With current drought conditions continuing to bear down on Southeast Texas, those who work with plants and vegetation are suffering, but they are not the only ones. Raising cattle and other livestock can also take its toll financially during these dry times.

Ed Scales, who has 100 head of cattle scattered around on several different properties across the south end of Orange County, said that he has seen a significant jump in expenses.

“It has actually cost me quite a bit for my feed boxes and hay,” Scales said. I’m blessed that I had hay left over from last year. For the guys that don’t bale their own hay, I’m sure this year has been tough on them especially.”

Scales said that he has seen about a 30-40 percent rise in cost for him so far, but says that he has found a silver lining in the situation.

“We’ve had a few little hit-and-miss rain showers and they have helped my ponds,” he said.

But that isn’t the case for everyone.

“Depending on the farmer, and where their land is, the scattered showers may or may not help you out,” Mac Guillory, who has about 20 to 25 head of registered Black Angus off of Texla Road, said. “Somebody a few miles away might get two inches of rain while I don’t get a drop.”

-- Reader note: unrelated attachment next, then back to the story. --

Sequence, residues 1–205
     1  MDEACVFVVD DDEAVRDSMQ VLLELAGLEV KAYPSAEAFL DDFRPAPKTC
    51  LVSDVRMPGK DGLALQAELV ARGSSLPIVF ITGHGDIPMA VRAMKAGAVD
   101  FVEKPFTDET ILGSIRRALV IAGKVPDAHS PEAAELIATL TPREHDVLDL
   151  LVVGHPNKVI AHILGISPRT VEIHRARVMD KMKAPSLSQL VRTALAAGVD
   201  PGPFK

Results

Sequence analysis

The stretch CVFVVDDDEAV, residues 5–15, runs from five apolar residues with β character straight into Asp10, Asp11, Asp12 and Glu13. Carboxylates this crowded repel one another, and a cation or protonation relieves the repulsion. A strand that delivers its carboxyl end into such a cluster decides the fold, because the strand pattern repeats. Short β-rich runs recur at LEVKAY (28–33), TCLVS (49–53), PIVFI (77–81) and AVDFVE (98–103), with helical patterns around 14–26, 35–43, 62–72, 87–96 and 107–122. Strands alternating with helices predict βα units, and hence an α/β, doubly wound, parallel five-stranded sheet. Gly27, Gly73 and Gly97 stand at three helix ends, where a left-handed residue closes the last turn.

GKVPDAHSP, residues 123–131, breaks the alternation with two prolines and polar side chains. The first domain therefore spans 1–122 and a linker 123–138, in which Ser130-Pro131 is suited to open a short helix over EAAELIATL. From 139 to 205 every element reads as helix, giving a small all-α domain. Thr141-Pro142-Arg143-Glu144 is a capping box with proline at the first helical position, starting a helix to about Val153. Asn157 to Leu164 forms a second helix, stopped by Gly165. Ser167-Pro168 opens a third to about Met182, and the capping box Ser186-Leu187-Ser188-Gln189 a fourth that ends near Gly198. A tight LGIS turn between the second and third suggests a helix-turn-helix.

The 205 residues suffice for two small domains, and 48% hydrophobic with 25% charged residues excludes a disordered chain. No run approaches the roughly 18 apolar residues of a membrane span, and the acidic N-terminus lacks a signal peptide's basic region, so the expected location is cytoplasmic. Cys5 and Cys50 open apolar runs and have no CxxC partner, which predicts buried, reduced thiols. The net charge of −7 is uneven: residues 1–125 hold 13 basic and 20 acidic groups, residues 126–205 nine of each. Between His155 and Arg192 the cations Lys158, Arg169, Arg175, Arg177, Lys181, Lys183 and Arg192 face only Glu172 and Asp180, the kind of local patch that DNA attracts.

Guillory said that his ponds are down by about 50 percent capacity.

“Our ponds are getting very low,” he said. “Fortunately, we have a 500-foot well to pull from.”

Guillory said that his costs are up by about 30-35 percent over a traditional year.

“Fertilizer is extremely high,” he said. “Usually, I produce about five to six bales of hay an acre. Now, I’m only getting three to four at best. That means I’m having to buy more feeding what I used to pay around $5 to $6 a 50-pound bag it now seems to range about $8 or $9, which is due to higher commodity price.

“But with hay not coming in, you have to supplement.”

Dr. Roy Stanford, county extension agent, said that the United State Department of Agriculture has made some assistance programs available for farmers and ranchers through federal assistance.

“There have been some disaster declarations,” Stanford said. “Assistance programs have been made available due to the drought conditions in Texas.

On the FEMA Web site, Orange County falls under three secretarial designations, one ending in August (S3063), one in November (S3112) and the remaining in February of next year (S3122). To see these declarations for drought, excessive heat, high winds and wildfires, those affected can go to fema.gov and search declarations by county.